“MEN, IT MAY SHOCK YOU TO KNOW, DON’T HAVE HYMENS. SO IF A WOMAN IS A VIRGIN TILL HERS IS BROKEN, WHEN DOES A GAY MAN STOP BEING ONE?” I don’t know when I “lost” my virginity. I don’t know whether it was during my first kiss in the rain, my first blowjob in a park or my first frantic fuck that definitely didn’t feel like sex. If I’d had sex with girls before having sex with guys, would my virginity have gone before I got close to a dick? Perhaps, as a gay man, that would have been the perfect definition of losing my virginity; brought to orgasm for the first time by a person I’m never going to be sexually attracted to. So many peoples’ first experiences are met with a jarring realisation that the only thing they’ve lost is a romanticised fiction. In ye olde Ireland, a fair maiden was only considered as such if she had stayed away from the ballroom of romance and the wiles of men. Thus if her hymen wasn’t broken, she’d be considered untainted and “virginal”. As a man I have to ask myself whether I ever had those virginal qualities about me in the first place. Men were never dressed up in white and presented as debutantes. The hysteria surrounding keeping women virgins until their wedding night was never something that applied to men, and as an extension of that,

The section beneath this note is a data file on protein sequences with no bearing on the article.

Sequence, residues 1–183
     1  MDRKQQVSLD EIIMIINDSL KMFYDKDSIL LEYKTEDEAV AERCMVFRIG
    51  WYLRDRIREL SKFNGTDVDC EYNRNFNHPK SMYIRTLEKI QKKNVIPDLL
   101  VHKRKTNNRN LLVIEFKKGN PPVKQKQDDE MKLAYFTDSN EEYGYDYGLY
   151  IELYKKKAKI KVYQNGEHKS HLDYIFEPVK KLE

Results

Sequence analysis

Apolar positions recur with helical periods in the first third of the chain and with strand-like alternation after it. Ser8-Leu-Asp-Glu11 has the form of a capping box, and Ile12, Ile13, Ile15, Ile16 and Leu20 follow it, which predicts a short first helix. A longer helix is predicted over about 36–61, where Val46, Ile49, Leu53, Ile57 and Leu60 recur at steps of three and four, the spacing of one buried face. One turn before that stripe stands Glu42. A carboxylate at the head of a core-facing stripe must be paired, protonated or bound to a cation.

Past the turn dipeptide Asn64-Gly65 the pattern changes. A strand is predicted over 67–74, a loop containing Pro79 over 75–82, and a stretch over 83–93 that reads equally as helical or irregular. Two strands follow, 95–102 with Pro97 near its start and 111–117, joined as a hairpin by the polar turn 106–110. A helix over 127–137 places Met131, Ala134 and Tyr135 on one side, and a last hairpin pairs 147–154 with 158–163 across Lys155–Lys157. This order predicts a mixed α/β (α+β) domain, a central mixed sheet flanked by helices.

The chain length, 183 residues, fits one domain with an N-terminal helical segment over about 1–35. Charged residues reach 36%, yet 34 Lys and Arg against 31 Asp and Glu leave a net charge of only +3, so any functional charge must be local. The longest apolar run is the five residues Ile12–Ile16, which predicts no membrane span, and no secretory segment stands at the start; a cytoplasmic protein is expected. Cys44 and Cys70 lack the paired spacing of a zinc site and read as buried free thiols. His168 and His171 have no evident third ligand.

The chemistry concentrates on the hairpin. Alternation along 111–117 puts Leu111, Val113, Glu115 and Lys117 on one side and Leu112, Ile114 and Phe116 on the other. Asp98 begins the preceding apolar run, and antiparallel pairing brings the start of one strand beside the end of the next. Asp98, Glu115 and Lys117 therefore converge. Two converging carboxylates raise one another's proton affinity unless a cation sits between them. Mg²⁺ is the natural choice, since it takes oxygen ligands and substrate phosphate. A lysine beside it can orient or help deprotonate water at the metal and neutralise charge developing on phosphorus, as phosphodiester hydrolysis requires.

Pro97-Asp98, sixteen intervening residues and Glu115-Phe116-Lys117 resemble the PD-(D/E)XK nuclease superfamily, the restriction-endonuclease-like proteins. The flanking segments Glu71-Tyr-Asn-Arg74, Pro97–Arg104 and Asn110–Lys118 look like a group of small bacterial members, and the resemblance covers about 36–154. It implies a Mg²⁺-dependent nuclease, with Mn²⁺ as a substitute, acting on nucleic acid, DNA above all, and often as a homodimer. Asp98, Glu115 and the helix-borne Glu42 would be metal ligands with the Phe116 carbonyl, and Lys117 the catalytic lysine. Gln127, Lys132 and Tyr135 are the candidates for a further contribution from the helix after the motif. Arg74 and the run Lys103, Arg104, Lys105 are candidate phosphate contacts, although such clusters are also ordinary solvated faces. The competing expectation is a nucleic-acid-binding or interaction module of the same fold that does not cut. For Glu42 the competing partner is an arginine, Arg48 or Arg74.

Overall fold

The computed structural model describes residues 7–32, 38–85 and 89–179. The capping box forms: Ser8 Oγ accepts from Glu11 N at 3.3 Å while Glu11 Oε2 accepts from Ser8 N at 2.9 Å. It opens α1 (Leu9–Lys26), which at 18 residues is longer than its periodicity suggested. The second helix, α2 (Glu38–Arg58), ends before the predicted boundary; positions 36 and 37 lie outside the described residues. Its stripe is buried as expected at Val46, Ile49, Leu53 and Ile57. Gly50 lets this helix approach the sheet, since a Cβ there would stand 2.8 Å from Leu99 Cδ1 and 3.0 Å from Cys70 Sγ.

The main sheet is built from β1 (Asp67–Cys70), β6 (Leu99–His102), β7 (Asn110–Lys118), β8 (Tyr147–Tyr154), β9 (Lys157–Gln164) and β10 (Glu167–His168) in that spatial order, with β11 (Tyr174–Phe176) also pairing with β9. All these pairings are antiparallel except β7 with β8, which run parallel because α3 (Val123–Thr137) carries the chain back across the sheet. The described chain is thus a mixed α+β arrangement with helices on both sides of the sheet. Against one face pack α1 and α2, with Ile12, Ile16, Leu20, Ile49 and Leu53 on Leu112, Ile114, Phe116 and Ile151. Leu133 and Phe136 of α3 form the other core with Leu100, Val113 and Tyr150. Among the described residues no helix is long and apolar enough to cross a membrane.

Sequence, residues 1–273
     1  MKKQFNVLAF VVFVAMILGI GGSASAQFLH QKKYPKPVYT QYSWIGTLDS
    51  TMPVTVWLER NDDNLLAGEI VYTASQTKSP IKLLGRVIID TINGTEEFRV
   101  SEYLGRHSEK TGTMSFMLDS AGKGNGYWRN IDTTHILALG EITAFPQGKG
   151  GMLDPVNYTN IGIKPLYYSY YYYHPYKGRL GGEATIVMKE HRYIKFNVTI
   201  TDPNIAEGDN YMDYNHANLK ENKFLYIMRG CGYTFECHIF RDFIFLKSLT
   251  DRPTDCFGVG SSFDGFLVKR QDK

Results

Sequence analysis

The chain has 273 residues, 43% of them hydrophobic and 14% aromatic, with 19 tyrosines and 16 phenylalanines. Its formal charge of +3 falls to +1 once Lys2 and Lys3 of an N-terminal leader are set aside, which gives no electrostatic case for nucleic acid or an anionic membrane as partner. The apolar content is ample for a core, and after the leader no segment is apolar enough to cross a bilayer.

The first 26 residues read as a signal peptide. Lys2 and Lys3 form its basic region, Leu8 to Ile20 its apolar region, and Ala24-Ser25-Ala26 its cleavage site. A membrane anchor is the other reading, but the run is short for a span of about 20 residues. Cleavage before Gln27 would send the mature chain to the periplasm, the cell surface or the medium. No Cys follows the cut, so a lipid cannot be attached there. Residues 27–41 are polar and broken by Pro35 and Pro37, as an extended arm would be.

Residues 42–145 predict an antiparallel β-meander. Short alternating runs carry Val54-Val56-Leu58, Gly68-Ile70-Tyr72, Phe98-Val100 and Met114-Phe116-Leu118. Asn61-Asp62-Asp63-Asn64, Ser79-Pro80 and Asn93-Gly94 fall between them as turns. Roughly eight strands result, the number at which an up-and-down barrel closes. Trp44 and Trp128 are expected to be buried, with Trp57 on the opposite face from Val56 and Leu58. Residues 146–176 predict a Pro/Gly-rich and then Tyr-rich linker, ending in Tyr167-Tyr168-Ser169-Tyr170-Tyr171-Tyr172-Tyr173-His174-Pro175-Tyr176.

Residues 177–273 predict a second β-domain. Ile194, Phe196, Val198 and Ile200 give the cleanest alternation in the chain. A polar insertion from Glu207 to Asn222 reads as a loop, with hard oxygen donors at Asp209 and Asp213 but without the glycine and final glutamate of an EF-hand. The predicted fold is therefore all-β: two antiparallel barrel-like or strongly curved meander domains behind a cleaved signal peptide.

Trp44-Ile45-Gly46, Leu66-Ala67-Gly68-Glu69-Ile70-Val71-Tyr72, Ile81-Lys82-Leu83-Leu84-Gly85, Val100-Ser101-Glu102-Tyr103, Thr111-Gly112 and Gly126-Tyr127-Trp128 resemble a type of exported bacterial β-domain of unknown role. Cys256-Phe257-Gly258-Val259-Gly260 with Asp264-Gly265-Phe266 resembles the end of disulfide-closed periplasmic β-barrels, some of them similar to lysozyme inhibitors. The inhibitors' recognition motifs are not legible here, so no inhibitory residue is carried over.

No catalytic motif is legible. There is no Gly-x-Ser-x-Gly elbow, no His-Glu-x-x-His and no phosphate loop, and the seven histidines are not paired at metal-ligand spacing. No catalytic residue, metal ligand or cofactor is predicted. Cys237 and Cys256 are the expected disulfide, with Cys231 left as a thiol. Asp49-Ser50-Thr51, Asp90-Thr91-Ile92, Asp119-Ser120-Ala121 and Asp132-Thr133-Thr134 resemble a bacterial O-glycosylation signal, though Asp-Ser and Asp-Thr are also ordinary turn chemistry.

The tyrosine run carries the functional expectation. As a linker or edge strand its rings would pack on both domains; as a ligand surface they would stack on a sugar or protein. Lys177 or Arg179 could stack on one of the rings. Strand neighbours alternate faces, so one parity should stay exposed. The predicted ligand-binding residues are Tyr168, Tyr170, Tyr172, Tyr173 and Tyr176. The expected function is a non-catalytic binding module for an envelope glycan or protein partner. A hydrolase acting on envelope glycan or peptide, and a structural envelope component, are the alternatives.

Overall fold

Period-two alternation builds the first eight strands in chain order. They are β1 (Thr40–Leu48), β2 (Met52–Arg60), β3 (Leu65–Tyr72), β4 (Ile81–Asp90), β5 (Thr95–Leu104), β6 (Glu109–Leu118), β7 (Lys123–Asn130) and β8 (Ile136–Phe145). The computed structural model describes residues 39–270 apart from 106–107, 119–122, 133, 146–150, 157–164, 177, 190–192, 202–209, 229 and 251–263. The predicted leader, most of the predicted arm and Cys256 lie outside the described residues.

never applied to gay men either. Up until the late 20th century, gay men were used to living a secret life, engaging in what society considered to be sordid acts of sodomy. In today’s world, freed by the constraints of up-tight sexual expectations, straight couples are free to engage in anal sex, oral sex and any freaky shit they want to do. Gay men and women however are being brought more into a heteronormative fold, with the rise of marriage equality and the ability to live mostly open lives. With that comes a search for equivalence to heterosexual life, and indeed, notions of “virginity”. I don’t think virginity has ever been a real concept in homosexual sex, because the notion is wholly centred on that age-old fascination with dicks in holes. In a typical lesbian relationship, neither woman has a dick. Their sex isn’t based around penetration. In a typical gay male relationship, fucking isn’t the centrepiece of every sexual interaction. The majority of gay men engage only in oral sex or masturbation. Even if penetration happens occasionally, if someone is able to bring another person to